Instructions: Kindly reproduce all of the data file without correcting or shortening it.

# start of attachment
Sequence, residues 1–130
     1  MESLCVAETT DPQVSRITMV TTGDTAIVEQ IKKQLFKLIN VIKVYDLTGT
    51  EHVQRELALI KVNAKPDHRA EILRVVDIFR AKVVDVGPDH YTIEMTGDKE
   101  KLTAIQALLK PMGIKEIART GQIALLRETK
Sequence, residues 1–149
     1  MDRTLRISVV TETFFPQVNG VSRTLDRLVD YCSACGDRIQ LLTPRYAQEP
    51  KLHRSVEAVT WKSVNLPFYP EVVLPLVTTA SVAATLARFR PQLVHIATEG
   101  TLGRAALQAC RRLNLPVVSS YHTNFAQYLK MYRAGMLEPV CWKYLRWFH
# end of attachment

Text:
Sequence, residues 1–130
     1  MESLCVAETT DPQVSRITMV TTGDTAIVEQ IKKQLFKLIN VIKVYDLTGT
    51  EHVQRELALI KVNAKPDHRA EILRVVDIFR AKVVDVGPDH YTIEMTGDKE
   101  KLTAIQALLK PMGIKEIART GQIALLRETK
Sequence, residues 1–149
     1  MDRTLRISVV TETFFPQVNG VSRTLDRLVD YCSACGDRIQ LLTPRYAQEP
    51  KLHRSVEAVT WKSVNLPFYP EVVLPLVTTA SVAATLARFR PQLVHIATEG
   101  TLGRAALQAC RRLNLPVVSS YHTNFAQYLK MYRAGMLEPV CWKYLRWFH